Foot Lesions in Dogs: Postoperatively
You’re getting this document because your dog has some sort of lesion on its foot. That could be a tumor, laceration or any kind of surgery.
Foot lesions in dogs have a certain set of predictable complications. It’s the nature of “walking around on your surgery”. Which is pretty much unavoidable. But can be strictly limited. And here’s why:
There are certain things, that just happen, every single time there are stitches in a dogs foot.
It doesn’t matter who your veterinarian is, or what you do, it’s just the way it goes:
Number one: Some stitches fall out.
Face it, the dog is basically walking on it suture line and that kind of stretching and tearing it’s going to put a lot of pressure on the stitches and sooner or later one or two of the stitches will pop. When that happens, a little bit of scar tissue fills in the gap which represents decent healing, but it does extend it past the normal seven or eight days it normally would take to heal.
Consider that every step the dog takes is pulling on the stitches, so the fewer steps it can take the longer the stitches will hold. But, some will pop. It is unavoidable.
Number two: Inflammation and discharge always occur.
Again, the dog is walking on a surgery site and every step pushes and pulls on the line and keeps healing from occurring as quickly as other places. Discharges accumulate and at first, that requires frequent bandage changes to keep those secretions from setting up infections.
Number three: Bandages are pretty important.
At first, postoperatively, you will probably be coming to the office every day or every other day for bandage changes. That is dependent upon the estimated amount of discharges in the bandage that need to be removed. It is imperative that you keep the bandages changed according to plan, I appreciate that it is labor and time intensive, but that is the nature of lesions on the foot.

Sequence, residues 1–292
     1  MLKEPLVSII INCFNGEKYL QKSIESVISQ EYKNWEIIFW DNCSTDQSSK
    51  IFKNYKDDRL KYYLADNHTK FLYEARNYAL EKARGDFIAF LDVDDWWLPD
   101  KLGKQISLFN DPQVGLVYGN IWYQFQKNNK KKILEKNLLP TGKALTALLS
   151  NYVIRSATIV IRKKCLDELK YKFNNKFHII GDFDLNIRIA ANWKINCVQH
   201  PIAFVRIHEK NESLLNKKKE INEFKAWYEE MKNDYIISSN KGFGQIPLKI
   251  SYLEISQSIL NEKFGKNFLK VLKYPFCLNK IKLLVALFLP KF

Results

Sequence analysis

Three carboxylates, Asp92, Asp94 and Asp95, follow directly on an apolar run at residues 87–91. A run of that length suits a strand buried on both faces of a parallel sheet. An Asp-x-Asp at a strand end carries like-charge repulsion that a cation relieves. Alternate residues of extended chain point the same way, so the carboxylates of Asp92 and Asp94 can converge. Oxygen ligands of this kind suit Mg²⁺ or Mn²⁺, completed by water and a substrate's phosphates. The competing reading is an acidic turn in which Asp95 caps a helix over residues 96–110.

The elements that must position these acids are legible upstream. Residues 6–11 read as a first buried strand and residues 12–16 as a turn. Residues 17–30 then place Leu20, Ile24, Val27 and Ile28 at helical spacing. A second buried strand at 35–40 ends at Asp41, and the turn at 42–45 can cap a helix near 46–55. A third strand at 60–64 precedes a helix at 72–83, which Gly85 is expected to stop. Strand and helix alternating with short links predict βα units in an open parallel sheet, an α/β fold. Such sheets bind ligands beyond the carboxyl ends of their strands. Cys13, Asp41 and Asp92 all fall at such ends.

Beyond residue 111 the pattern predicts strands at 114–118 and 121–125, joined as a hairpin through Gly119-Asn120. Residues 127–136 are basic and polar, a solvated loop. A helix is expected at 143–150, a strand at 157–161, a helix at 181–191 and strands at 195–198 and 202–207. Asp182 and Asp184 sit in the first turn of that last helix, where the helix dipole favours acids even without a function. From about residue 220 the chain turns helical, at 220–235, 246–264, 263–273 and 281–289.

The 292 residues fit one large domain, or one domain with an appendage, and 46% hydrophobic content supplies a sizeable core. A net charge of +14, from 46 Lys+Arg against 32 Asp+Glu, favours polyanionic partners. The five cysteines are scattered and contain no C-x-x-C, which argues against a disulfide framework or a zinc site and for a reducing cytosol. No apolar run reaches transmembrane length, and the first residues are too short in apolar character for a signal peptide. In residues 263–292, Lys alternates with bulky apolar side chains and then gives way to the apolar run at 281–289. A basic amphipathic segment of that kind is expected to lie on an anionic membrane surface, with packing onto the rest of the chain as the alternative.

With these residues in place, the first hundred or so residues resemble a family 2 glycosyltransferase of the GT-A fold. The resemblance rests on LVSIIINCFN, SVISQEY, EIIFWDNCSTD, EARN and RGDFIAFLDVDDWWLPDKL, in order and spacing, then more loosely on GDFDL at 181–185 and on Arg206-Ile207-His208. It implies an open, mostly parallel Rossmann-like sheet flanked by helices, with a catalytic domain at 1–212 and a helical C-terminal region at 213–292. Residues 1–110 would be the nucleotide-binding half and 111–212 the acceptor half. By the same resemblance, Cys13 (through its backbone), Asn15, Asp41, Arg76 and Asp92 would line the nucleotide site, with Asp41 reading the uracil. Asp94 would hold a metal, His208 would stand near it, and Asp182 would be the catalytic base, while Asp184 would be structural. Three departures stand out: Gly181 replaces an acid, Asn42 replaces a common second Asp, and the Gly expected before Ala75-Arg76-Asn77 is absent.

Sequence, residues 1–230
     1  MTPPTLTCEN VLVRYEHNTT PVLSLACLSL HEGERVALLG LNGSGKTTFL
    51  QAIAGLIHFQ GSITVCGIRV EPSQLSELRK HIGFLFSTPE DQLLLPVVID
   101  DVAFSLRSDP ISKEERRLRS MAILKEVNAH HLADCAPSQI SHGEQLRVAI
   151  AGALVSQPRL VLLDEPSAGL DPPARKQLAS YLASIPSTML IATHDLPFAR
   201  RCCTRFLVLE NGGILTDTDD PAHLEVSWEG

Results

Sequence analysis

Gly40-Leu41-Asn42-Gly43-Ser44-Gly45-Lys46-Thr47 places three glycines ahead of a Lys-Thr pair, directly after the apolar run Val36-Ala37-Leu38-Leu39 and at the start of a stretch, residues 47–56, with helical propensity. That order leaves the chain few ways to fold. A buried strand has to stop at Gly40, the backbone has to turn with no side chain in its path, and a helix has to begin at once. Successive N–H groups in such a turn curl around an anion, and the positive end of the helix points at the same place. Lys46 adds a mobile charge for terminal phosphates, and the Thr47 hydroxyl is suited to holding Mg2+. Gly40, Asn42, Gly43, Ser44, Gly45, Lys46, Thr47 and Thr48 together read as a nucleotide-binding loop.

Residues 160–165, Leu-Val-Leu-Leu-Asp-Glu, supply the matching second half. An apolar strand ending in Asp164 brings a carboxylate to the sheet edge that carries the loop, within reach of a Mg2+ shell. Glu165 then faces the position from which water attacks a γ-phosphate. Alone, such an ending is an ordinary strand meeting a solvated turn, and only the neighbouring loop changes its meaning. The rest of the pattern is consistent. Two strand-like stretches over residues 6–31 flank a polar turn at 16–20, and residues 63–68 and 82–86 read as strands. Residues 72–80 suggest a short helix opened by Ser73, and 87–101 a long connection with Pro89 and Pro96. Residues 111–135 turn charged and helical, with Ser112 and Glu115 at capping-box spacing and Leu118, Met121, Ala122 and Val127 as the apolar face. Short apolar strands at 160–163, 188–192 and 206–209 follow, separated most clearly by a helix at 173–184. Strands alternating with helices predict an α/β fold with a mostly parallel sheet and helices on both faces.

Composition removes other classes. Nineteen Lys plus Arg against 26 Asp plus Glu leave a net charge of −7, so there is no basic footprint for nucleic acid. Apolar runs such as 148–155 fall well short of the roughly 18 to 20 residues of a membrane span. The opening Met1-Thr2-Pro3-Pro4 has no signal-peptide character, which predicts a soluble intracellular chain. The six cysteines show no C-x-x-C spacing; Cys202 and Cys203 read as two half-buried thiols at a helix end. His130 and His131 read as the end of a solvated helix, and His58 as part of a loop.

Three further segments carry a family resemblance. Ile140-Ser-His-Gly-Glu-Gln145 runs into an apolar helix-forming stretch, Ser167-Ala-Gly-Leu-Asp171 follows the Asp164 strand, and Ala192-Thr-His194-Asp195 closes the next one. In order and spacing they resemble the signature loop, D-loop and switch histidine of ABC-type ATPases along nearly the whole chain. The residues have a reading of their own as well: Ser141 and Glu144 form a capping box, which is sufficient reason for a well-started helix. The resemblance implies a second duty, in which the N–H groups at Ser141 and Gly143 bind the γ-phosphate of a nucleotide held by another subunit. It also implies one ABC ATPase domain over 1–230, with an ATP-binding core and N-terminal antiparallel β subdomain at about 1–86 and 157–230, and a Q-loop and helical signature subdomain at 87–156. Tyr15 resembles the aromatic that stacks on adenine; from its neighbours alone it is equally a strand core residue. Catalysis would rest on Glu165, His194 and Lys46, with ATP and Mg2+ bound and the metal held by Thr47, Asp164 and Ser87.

Consider that every step the dog takes is pulling on the stitches, so the fewer steps it can take the longer the stitches will hold.
Number four: Abnormal tissues heal abnormally.
One of my reviews on Google hold that I did a poor surgery on the dogs foot, because the surgery did not heal normally. I would say that is a failure on my part to emphasize and explain to the client when you remove cancer from tissues and you expect cancerous tissues to heal back normally, that is often a fail. Of course when you go in you don’t know that you’re necessarily removing the cancer until later. So, when you are dealing with abnormal tissues, healing will often occur abnormally, whether that is delayed, weird looking, or painfully slow. Conversely, a cut made by some glass in normal tissue heals a lot faster than a cut made surgically in cancerous tissue. That’s all I’m trying to get across.
Number five: Consider that every step the dog takes is pulling on the stitches, so the fewer steps it can take the longer the stitches will hold.
The summary of this article occurs in five points
- Stitches always pop.
- Discharges always occur.
- Bandages require changes [sometimes frequently].
- Abnormal tissues heal back together abnormally.
- Every step the dog takes compromises the foot lesion, the more steps it takes, the longer the bandage and the stitches will last.